Recall that in the midst of the cold war in the early 1960s, U.S. physicists visited their counterparts in the USSR. The climate at that time between these two heavily nuclear-armed and contentious countries dwarfs the current U.S.-Iran conflict. Yet reciprocal visits of materials physicists began around 1960 and continued for some years, providing a stunning example of how science diplomacy can persist under the direst political circumstances. We now understand that U.S. and USSR scientists working together in those formative years changed the face of theoretical condensed matter physics in the 20th century. Scientific diplomacy and broad diversity is essential to address the challenges of the 21st century. Iran has the legacy of several millennia of a well-educated society and rich culture. This legacy has been stalled by a lapse in societal progress in the mid-east and that part of Asia for several decades, but Iran has sustained support of higher education and even today has a high proportion of university students (around 4 million of a 75 million population).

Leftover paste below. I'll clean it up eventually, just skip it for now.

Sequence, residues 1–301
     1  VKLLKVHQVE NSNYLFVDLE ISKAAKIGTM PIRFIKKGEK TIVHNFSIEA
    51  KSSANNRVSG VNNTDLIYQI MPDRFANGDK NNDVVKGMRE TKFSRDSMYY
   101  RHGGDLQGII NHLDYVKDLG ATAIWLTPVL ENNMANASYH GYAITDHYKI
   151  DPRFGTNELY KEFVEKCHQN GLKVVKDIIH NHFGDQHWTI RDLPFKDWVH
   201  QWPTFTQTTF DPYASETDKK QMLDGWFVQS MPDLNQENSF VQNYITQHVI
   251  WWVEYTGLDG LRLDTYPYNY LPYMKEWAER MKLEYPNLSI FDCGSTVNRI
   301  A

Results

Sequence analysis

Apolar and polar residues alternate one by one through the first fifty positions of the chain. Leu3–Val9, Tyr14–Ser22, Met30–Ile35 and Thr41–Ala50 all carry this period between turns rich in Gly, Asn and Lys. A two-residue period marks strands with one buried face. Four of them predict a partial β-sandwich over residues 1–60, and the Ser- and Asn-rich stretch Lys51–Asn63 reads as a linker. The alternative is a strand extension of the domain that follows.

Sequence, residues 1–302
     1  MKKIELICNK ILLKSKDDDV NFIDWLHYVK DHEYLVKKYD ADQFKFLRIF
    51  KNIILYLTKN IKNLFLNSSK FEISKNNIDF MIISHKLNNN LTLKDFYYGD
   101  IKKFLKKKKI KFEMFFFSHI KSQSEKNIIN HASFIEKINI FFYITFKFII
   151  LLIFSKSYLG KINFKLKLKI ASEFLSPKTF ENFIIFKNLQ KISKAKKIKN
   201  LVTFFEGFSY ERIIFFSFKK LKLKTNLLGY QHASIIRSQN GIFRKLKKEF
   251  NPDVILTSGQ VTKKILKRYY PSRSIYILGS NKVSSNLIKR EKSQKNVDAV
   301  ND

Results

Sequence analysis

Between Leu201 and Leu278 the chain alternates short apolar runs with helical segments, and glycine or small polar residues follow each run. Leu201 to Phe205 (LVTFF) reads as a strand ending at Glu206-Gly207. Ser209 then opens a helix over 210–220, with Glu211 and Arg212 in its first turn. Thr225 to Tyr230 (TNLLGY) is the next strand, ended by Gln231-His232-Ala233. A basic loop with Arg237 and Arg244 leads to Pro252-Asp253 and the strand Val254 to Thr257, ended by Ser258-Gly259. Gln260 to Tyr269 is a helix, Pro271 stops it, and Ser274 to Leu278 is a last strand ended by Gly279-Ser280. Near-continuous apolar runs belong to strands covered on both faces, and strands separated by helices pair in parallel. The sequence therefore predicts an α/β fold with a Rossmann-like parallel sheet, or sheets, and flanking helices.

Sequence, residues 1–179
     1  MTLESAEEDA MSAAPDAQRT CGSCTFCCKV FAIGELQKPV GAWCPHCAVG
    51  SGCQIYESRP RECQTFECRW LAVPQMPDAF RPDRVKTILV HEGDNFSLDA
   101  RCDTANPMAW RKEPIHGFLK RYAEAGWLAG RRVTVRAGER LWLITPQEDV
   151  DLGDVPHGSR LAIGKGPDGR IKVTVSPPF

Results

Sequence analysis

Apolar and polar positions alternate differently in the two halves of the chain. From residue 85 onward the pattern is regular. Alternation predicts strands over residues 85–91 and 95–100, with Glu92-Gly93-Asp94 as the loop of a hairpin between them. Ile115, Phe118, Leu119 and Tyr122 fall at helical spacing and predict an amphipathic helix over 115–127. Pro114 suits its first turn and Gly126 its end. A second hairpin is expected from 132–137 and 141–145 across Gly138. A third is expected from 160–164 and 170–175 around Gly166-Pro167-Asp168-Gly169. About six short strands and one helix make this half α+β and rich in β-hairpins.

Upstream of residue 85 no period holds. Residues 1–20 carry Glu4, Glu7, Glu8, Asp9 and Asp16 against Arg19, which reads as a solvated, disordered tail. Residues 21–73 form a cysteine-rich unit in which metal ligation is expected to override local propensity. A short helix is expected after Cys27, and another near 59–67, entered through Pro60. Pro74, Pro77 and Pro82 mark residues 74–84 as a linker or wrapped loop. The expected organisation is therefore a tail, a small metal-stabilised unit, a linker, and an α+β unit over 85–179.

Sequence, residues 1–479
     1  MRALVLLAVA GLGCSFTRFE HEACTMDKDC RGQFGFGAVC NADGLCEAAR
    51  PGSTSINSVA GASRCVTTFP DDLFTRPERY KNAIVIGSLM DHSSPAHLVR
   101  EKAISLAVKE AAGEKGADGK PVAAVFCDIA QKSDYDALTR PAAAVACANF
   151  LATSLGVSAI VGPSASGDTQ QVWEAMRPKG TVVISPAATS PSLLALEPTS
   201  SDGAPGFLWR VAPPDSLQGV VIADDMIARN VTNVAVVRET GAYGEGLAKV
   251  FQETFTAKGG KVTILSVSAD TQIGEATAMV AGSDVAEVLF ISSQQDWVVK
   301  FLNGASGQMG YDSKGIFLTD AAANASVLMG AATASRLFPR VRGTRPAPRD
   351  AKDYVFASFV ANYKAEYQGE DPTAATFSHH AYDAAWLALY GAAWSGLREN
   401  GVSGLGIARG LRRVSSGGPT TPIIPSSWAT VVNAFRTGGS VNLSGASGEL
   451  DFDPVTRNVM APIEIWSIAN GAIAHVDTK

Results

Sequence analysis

We urge members of APS and indeed all scientists to engage in scientific diplomacy when opportunities arise, and more generally to promote scientific communication and international cooperation.

References:

[1] go.aps.org/2FE6kaY

Warren E. Pickett is Distinguished Professor of Physics, University of California Davis. Laura H. Greene is Chief Scientist at the National High Magnetic Field Laboratory, Francis Eppes Professor of Physics, Florida State University, and Past President of APS.

Pickett photo

Warren E. Pickett

Laura Greene picture

Laura H. Greene

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March 2018 (Volume 27, Number 3)